The Kink of Normaling

Normaling is the kink of conforming to classic gender, sex, and "couple" stereotypes of our culture and getting off on it. Not because you feel you have to, but because you want to. It's edgy and it's dangerous. And it happens to be my own personal kink. Why Normaling is Edgy

Normaling is edgy due to the fact that the "because you want to"  aspect of it requires a very high degree of privilege. Normaling just isn't a kink that's available to everyone, and it's a kink that can be psychologically or physically damaging, not unlike race play or blood play.

In its connection to privilege, the kink of normaling is like its cultural cousin Normcore (the style of ever-adaptable situational style and deliberate eschewing of "authenticity," most famously enacted by James Franco. Normcore is a style that both embodies a kind of wise, fluid nondual emptiness and one that itself relies on privileged appropriation to exist).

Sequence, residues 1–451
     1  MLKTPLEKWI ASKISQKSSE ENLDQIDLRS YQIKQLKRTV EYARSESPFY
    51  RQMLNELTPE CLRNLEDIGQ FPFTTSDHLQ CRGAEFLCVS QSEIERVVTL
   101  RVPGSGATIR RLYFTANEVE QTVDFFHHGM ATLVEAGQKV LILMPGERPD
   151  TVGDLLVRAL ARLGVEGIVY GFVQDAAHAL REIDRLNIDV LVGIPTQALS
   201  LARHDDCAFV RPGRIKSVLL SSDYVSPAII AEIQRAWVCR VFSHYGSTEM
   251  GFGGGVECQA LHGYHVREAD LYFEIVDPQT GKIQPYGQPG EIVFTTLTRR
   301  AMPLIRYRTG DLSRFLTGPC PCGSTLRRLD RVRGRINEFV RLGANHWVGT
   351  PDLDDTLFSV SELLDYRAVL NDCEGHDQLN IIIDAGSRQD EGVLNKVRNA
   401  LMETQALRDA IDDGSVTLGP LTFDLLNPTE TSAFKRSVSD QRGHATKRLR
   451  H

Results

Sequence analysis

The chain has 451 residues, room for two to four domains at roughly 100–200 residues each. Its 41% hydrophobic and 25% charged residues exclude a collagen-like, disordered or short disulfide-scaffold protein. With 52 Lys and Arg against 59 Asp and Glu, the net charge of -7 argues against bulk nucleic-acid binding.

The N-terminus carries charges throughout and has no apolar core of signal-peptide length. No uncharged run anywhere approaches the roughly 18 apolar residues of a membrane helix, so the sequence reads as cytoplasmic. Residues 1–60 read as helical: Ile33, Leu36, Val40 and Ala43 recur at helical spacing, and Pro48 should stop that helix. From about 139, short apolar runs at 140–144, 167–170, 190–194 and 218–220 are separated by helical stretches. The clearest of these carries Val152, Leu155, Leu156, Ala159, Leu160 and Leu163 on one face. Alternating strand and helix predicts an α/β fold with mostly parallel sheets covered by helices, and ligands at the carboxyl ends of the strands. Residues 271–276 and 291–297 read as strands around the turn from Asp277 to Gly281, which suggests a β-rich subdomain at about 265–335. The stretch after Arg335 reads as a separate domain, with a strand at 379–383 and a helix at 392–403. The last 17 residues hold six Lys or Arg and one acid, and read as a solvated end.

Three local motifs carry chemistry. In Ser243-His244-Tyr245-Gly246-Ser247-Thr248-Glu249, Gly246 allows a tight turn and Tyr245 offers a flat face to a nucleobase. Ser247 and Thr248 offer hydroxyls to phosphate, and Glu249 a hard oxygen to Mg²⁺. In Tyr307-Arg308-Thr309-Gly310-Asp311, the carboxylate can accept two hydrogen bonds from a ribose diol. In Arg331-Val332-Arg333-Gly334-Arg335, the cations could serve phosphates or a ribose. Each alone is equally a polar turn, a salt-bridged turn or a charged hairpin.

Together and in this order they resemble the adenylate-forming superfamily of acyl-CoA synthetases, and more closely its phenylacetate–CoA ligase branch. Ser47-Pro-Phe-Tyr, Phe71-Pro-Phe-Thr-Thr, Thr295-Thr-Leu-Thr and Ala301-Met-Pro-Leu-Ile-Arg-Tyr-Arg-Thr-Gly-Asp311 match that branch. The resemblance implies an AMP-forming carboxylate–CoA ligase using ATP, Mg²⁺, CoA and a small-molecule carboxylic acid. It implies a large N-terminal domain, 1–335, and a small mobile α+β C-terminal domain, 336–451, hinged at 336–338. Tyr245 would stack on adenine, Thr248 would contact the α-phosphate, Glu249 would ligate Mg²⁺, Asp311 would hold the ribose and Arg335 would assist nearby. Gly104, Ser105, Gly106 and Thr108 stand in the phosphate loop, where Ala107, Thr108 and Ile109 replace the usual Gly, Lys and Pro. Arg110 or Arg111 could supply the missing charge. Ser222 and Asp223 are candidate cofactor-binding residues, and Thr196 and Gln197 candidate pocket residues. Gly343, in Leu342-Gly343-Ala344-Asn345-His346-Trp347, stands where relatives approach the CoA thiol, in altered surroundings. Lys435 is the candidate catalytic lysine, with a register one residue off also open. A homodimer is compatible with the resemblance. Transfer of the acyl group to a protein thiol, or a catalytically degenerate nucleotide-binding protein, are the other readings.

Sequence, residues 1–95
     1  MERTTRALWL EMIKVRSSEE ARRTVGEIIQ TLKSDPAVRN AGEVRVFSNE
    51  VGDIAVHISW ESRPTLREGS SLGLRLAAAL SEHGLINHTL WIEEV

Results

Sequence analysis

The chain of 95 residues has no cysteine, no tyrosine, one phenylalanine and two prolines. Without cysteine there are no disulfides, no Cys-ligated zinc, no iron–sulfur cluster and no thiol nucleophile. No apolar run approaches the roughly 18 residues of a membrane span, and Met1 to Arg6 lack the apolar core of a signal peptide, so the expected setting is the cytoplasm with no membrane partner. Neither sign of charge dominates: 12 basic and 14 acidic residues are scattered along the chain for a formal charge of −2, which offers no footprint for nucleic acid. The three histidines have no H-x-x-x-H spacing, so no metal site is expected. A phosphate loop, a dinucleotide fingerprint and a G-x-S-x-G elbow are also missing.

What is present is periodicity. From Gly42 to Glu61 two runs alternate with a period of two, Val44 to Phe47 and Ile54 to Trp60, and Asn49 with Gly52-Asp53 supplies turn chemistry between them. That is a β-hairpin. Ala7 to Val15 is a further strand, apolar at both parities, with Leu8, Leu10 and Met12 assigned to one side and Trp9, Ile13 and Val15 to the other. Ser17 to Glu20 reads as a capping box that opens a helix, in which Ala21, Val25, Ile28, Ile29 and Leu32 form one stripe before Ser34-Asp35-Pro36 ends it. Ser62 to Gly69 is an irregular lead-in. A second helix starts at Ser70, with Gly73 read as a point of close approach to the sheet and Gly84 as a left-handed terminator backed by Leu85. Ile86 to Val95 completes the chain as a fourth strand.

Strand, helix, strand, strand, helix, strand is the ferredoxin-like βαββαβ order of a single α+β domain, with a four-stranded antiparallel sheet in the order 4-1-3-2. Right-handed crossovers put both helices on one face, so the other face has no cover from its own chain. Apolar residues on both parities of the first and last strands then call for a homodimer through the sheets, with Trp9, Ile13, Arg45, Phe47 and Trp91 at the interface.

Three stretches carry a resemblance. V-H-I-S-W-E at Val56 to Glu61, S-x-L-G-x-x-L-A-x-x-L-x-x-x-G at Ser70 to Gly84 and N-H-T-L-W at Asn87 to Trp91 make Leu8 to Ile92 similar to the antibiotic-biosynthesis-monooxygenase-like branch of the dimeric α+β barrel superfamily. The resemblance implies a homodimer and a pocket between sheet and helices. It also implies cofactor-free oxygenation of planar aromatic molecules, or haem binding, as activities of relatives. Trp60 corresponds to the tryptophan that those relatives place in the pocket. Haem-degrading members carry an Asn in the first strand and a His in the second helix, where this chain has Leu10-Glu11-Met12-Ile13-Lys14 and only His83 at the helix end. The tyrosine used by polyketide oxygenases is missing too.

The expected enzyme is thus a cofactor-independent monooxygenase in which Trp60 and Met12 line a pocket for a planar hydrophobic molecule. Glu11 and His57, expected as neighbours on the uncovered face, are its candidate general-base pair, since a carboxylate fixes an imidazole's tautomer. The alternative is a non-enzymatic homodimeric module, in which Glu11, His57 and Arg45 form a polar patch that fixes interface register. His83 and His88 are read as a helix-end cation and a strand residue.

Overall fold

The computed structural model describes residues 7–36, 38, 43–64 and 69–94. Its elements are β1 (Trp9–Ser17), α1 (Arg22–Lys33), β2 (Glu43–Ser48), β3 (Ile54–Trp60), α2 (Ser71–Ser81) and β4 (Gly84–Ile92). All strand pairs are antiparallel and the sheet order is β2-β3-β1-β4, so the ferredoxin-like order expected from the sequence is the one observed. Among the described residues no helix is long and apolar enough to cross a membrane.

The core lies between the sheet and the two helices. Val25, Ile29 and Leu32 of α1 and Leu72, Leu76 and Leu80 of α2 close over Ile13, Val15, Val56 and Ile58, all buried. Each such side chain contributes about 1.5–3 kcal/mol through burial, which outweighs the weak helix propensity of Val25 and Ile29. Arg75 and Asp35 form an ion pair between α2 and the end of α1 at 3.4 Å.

Lots of people in the world have to conform to gender stereotypes and roles just in order to have the acceptance of their communities (i.e., to avoid being exiled, starved, ridiculed, abused etc.); and for many people the option of conformity isn't on the table because their internal experience and / or outward expression of their sexuality and gender doesn't line up with cultural expectations.